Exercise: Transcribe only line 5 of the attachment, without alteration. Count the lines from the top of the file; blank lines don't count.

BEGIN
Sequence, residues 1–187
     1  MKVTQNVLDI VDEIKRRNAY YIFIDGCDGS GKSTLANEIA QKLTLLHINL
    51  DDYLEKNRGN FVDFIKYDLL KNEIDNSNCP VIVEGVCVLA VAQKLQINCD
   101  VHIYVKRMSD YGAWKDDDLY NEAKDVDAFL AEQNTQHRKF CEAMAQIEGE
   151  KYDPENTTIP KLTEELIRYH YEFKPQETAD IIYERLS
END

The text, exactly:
   151  KYDPENTTIP KLTEELIRYH YEFKPQETAD IIYERLS